By January 27, 2013 0 Comments Read More →

Summary of IdleNoMore traffic for Jan 20-26

Idle No More has become increasingly quiet over the last two weeks, particularly since January 16. I noted to the media last week this might have been to take time to recharge and refocus, or perhaps to distance themselves from (and eliminate confusion with) Chief Theresa Spence whose liquid diet had apparently outlasted its effectiveness.

The drop in attention was probably a good thing. I’m fairly certain there was fatigue among the public in hearing about the movement as well as growing frustration brought on by the blockades. My ongoing analysis suggests there may have been fatigue within the movement also — a good time for a break and recalibration.

I suspect a lot of the fatigue on both sides stems from confusion over goals and messages which likely impacts the cohesion of the movement. A poll on IdleNoMore.ca shows there is work to be done if they wish to reach the undecided public and feel stronger about their own activities. The poll was launched January 3 when the movement was enjoying its greatest amount of energy and media attention, and remains open until February 3.

The following screen capture was taken yesterday by which time 3,190 people had registered their votes. Participation continues to rise. As of 10am today (January 27) here were 3,314 votes:

  • 52% say “Yes, we are stronger than ever!”
  • 35% say “No, there are divisions and the media is playing it just right.”
  • 13% say “I’m not sure.”

IdleNoMore-website-poll

Parliament resumes tomorrow. Chief Spence removed herself from the equation last week.  The conditions are ripe for a surge in momentum tied to Idle No More’s World Day of Action scheduled for tomorrow, January 28. They are identifying the day online with the hashtag #J28. I’ve tracked 3,847 tweets tagged with #J28 (along with other Idle No More identifiers) since early January.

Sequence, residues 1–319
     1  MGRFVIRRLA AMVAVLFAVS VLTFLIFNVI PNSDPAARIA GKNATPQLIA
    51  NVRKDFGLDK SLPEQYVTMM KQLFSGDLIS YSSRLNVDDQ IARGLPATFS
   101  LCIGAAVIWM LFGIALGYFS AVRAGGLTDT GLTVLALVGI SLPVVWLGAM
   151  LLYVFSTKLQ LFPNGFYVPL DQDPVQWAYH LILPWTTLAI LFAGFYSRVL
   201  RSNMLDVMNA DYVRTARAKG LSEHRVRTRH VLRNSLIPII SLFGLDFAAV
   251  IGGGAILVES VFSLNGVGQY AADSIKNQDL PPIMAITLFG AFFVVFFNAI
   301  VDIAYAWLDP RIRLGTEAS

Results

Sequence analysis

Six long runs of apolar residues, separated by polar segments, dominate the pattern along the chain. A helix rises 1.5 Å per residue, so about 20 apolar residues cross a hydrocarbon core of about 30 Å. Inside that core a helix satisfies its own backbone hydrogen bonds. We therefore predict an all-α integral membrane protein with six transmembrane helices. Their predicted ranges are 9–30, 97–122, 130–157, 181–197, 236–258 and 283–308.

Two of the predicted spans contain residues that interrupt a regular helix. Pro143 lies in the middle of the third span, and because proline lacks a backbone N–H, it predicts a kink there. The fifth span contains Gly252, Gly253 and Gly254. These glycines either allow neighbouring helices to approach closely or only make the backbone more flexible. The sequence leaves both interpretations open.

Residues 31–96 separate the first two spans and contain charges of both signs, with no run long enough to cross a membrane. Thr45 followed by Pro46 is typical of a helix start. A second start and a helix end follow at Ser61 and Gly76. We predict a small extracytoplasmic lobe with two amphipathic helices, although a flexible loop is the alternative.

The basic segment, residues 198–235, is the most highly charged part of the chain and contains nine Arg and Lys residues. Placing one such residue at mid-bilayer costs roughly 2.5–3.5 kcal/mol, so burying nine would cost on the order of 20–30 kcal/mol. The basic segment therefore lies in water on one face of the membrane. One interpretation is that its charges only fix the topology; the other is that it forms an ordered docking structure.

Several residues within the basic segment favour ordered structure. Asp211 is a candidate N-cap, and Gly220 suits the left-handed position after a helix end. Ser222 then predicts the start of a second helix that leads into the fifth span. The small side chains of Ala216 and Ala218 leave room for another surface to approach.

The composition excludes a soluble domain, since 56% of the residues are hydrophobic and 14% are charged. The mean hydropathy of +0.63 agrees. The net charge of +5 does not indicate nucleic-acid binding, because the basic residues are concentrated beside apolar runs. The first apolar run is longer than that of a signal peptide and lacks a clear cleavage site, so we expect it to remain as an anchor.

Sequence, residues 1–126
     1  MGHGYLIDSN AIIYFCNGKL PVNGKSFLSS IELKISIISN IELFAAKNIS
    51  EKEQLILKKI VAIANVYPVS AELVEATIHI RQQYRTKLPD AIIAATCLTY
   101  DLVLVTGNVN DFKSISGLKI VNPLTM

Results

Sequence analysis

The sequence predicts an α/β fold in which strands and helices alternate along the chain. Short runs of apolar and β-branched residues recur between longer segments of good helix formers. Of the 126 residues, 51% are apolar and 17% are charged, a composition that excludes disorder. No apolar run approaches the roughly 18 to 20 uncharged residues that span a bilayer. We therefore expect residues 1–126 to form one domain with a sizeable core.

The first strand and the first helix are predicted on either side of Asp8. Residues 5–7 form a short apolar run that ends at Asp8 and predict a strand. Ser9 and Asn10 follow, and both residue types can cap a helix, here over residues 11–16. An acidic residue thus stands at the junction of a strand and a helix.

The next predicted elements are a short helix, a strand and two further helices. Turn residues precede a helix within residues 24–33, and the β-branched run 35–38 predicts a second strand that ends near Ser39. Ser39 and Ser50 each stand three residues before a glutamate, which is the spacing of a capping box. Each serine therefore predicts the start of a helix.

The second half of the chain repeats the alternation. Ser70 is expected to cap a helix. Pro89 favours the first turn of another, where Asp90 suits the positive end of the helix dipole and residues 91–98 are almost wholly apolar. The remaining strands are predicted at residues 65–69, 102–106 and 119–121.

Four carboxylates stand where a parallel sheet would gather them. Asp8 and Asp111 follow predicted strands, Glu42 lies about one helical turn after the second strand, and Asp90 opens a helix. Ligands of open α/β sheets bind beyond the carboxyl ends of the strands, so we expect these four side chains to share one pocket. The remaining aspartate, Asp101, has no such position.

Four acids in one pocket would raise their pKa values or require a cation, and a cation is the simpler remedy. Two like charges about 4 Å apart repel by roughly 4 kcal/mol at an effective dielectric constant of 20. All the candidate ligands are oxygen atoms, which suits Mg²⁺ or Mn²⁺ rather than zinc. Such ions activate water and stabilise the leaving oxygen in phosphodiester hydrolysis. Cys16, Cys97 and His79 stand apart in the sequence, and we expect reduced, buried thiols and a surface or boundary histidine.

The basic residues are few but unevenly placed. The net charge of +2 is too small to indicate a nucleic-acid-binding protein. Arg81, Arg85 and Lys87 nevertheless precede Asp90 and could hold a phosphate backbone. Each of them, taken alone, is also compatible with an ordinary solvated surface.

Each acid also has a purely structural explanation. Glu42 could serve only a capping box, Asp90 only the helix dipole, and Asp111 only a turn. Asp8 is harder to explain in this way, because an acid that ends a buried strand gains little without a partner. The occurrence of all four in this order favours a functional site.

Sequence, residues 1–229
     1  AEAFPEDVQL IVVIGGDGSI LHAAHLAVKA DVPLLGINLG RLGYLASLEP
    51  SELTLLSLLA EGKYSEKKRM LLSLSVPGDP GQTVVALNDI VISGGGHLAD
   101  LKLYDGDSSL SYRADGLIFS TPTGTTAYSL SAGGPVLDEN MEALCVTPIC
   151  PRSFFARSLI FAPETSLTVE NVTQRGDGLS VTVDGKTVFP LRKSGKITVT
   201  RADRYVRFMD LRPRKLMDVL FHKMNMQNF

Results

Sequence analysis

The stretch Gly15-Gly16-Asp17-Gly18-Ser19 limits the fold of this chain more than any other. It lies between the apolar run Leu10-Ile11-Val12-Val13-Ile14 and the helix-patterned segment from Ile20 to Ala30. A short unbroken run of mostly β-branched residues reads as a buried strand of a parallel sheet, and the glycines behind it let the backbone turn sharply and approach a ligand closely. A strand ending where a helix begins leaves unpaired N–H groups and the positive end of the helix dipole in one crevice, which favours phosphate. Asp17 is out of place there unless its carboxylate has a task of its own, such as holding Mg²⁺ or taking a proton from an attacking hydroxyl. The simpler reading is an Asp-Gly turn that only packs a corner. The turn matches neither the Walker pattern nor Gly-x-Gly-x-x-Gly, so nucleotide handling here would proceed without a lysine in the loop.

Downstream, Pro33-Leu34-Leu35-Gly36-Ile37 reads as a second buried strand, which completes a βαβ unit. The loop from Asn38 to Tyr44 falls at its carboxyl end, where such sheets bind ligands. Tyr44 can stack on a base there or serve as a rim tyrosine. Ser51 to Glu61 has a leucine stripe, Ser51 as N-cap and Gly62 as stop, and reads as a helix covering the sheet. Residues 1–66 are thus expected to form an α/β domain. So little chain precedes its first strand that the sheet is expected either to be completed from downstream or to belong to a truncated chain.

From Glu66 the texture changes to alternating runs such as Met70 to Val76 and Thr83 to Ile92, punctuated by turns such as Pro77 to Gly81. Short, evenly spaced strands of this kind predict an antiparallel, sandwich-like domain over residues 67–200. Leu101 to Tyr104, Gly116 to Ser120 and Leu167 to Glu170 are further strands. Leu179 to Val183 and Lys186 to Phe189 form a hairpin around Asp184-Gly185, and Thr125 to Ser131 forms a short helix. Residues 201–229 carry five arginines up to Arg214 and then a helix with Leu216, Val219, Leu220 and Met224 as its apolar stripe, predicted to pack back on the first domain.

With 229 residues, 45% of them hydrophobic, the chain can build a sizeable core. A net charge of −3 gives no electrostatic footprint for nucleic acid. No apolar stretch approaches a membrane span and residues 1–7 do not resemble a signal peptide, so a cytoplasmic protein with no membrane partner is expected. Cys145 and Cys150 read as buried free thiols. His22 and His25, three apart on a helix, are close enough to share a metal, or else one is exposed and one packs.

In case you missed it, I published a series of posts offering expanded Idle No More at two months analysis:

So, let’s baseline activity for the last seven days. All analysis was performed using Marketwire/Sysomos Heartbeat.

Tweets Sources Average
Jan 20 14,905 7,829 1.9
Jan 21 9,747 4,035 2.4
Jan 22 10,360 4,287 2.4
Jan 23 10,087 4,318 2.3
Jan 24 11,400 4,658 2.4
Jan 25 8,924 3,839 2.3
Jan 26 7,554 3,022 2.5

There was a 45% drop in all online mentions from last week (from 154,703 last week to 85,762 this). Everything was down, including mainstream media attention. Twitter mentions dropped 44% (from 129,411 to 72,977), Facebook was down 45% (from 15,702 to 8,641), mentions on blogs fell 47% (from 1,689 to 903), online news articles dropped 53% (from 3,456 to 1,611), there were 60% fewer new YouTube videos (from 840 to 340) and mentions in online forums including Reddit fell the most; 64% (from 3,605 to 1,290).

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While Chief Theresa Spence ending her six-week liquid diet was fairly big news, it wasn’t enough to gain on last week’s numbers. I suspect this was because her popularity peaked on January 11 — the day a group of First Nations Chiefs met with Prime Minister Harper and Chief Spence joined the group for a meeting with Governor General Johnson that evening. Online interest in Chief Spence began its plummet on January 12, falling 63% two weeks ago and a further 9% last week (from 5,490 mentions to 4,981). I expect this drop will continue and Idle No More can breathe easier knowing they can carry on without a distraction for the media.

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Female participation increased 2% last week, balancing the scales a little more with men.

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Within Canada, Ontario led with 30% of Idle No More mentions. BC and Alberta are virtually tied at 16% and 15% respectively. Québec follows with 6% of Canadian traffic.

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Anonymous issued the most popular tweet of the week. Their tweet calling for an end to racism and sexist violence against indigenous women was retweet 296 time and was flagged as a favourite by 72 people.

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About the Author:

Mark Blevis is a digital public affairs strategist and President of FullDuplex.ca, an integrated digital communications, public affairs and research company. His work focuses on the role of digital tools and culture on issues and reputation management. He also leads research into how Canadian opinions are shaped through online content and interactions.